Like-minded conservatives invoke the name of Ronald Reagan as someone who truly represented core conservative ideals. Almost twenty years after Reagan’s presidency ended, he remains a beloved figure. According to conservative activists, lowering taxes, promoting free trade, defending the sanctity of life, and reining in government spending are Reagan’s legacy, and they are his true heirs. But McCain, they charge, has betrayed the Reaganite faith by compromising these very ideals.For months Republican front-runner John McCain has attracted the ire of conservative activists who doubt his conservative credentials. Hard-line conservative commentator Rush Limbaugh claims to want a Democrat as president rather than the Arizona Republican. As Limbaugh puts it, “I would prefer not to have conservative Republicans in the Congress paralyzed by having to support, out of party loyalty, a Republican president who is not conservative.”
Yet these same conservatives remember Reagan’s record selectively. Were they to look behind the rhetoric, they would discover that Reagan often embraced policies sharply at odds with conservative philosophy.
Almost all conservatives oppose abortion. But in 1967, only four months into his first term as governor of California, Reagan signed into law a bill that resulted in millions of abortions due to a provision in the bill allowing abortions for the well-being of the mother. Times have changed. Few of today’s conservatives would support a politician who signed a similar bill. Among the ten major Republicans who have run for president this year, only Rudolph Giuliani supported abortion rights.
Today’s conservatives proclaim their support for balanced budgets and decry deficit spending. However, the former president’s economic policy, called “Reaganomics,” produced huge federal budget deficits and increased the national debt from $700 billion to $3 trillion. The current crop of conservatives would surely denounce any president with this record.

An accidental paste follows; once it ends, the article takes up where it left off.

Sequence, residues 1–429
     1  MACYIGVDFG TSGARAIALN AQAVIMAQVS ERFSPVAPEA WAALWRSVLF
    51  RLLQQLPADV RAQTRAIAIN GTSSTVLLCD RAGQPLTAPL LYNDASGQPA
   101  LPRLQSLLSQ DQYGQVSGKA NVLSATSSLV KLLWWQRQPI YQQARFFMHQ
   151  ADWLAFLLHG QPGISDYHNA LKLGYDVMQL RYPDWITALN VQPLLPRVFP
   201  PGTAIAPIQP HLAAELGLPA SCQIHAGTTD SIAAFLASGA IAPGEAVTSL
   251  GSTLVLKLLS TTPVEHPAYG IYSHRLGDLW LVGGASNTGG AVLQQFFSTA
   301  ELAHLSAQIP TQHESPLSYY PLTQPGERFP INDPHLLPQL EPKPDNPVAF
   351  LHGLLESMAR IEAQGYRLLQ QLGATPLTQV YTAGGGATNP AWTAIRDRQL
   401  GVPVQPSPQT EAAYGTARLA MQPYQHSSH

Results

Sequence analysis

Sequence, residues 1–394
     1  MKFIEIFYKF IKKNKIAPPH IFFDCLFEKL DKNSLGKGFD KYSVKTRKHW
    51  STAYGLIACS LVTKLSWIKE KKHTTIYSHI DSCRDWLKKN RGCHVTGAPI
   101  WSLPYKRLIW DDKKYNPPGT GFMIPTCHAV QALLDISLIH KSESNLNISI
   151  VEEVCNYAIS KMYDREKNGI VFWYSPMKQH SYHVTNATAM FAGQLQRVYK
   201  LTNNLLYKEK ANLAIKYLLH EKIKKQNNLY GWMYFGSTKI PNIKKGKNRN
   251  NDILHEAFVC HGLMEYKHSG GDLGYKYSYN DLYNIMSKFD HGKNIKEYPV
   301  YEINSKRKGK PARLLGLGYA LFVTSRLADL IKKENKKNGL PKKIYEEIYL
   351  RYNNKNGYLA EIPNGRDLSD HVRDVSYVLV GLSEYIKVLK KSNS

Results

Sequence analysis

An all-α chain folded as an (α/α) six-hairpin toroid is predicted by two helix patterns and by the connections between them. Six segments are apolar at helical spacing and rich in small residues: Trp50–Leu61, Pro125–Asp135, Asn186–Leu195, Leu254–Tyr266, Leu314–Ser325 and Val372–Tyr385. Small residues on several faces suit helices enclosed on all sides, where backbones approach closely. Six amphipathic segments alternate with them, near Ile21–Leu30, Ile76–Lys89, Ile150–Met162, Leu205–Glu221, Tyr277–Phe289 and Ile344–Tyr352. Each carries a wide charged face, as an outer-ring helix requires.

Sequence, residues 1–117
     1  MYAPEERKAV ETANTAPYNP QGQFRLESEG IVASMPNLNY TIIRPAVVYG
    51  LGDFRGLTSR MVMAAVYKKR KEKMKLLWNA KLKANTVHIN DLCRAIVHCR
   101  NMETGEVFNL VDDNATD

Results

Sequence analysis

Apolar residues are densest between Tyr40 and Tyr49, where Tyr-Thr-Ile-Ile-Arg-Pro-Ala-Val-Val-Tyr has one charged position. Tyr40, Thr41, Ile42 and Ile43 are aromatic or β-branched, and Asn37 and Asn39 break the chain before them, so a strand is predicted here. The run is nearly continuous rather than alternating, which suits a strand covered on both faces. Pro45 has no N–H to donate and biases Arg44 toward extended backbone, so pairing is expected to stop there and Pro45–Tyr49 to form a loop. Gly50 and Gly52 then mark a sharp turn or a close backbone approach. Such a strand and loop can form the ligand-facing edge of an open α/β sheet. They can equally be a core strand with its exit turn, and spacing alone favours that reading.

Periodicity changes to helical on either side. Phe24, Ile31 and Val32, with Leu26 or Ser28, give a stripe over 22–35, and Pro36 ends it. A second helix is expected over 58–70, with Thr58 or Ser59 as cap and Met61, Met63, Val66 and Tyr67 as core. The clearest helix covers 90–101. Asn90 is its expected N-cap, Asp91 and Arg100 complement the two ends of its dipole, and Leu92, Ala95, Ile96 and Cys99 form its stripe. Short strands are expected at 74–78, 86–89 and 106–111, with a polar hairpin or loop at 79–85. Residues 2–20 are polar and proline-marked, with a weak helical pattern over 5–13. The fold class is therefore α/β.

During the current presidential campaign, all the Republican candidates pledged to make the tax cuts of George W. Bush permanent. But in 1982, Reagan signed into law two major tax increases that raised taxes by about $40 billion per year, making it the largest peacetime tax increase in U.S. history. In today’s dollars, that would surpass $100 billion per year. Were a current presidential candidate even to admit to the possibility that he or she might raise taxes, conservatives would quickly pounce. Both Mike Huckabee and Mitt Romney were tarred by their rivals as tax raisers.
In 1983 Reagan approved legislation raising the Social Security tax rate, which included automatic increases in the taxable wage base. In 1984, Reagan signed the Deficit Reduction Act, which increased taxes by $18 billion a year or 0.4 percent of GDP. That represents about $44 billion in today’s dollars. He also raised taxes in 1985, 1986 and 1987. Combined, these tax increases raised taxes by $164 billion as of 1992. Put another way, that amount equals about $300 billion in today’s economy.
Conservatives also argue that the U.S. government must stop illegal immigration and reject amnesty for those who have already crossed the border. In 1986 Reagan signed the Immigration Reform and Control Act, which made it illegal to knowingly hire or recruit illegal immigrants. This same bill also granted amnesty to approximately three million illegal immigrants who entered the country prior to January 1, 1982, and lived here continuously. Conservatives now denounce amnesty as rewarding lawbreakers. In response, John McCain has begun to backtrack on his support for immigration reform.
Today’s conservatives would be well served to study what Reagan actually did in office. They could learn much from him. He understood when to press his advantage when he had the votes. He also knew how to concede when he didn’t have the votes. In other words, he was a skilled politician willing to compromise his ideological principles in order to govern. In remembering Ronald Reagan, just as in deciding whom to vote for, conservatives ought to look at the whole man, not just the aspects that are politically convenient.
Michael H. Creswell is in associate professor of history at Florida State University. The author of "A Question of Balance: How France and the United States Created Cold War Europe" (2006), he is also a writer for the History News Service.